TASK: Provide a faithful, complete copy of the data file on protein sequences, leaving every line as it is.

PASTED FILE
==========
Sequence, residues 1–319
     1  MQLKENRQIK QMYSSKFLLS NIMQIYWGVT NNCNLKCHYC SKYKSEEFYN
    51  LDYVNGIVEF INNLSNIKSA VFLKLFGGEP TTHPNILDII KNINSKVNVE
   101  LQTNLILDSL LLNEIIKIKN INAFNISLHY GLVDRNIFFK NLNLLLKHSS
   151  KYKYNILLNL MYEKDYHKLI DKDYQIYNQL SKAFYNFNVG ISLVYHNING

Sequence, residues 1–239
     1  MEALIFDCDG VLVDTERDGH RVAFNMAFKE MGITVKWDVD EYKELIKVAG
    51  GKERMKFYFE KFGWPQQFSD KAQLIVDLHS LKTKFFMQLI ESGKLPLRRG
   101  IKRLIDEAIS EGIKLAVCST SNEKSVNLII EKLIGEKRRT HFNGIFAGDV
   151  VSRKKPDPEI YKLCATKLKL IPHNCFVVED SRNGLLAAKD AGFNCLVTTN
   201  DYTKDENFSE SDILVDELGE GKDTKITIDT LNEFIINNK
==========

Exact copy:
Sequence, residues 1–319
     1  MQLKENRQIK QMYSSKFLLS NIMQIYWGVT NNCNLKCHYC SKYKSEEFYN
    51  LDYVNGIVEF INNLSNIKSA VFLKLFGGEP TTHPNILDII KNINSKVNVE
   101  LQTNLILDSL LLNEIIKIKN INAFNISLHY GLVDRNIFFK NLNLLLKHSS
   151  KYKYNILLNL MYEKDYHKLI DKDYQIYNQL SKAFYNFNVG ISLVYHNING

Sequence, residues 1–239
     1  MEALIFDCDG VLVDTERDGH RVAFNMAFKE MGITVKWDVD EYKELIKVAG
    51  GKERMKFYFE KFGWPQQFSD KAQLIVDLHS LKTKFFMQLI ESGKLPLRRG
   101  IKRLIDEAIS EGIKLAVCST SNEKSVNLII EKLIGEKRRT HFNGIFAGDV
   151  VSRKKPDPEI YKLCATKLKL IPHNCFVVED SRNGLLAAKD AGFNCLVTTN
   201  DYTKDENFSE SDILVDELGE GKDTKITIDT LNEFIINNK